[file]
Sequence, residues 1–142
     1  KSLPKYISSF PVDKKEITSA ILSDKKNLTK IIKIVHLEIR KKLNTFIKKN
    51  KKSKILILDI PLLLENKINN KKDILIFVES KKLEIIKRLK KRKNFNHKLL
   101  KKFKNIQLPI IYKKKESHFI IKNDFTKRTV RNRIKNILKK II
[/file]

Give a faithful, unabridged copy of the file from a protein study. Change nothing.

Sequence, residues 1–142
     1  KSLPKYISSF PVDKKEITSA ILSDKKNLTK IIKIVHLEIR KKLNTFIKKN
    51  KKSKILILDI PLLLENKINN KKDILIFVES KKLEIIKRLK KRKNFNHKLL
   101  KKFKNIQLPI IYKKKESHFI IKNDFTKRTV RNRIKNILKK II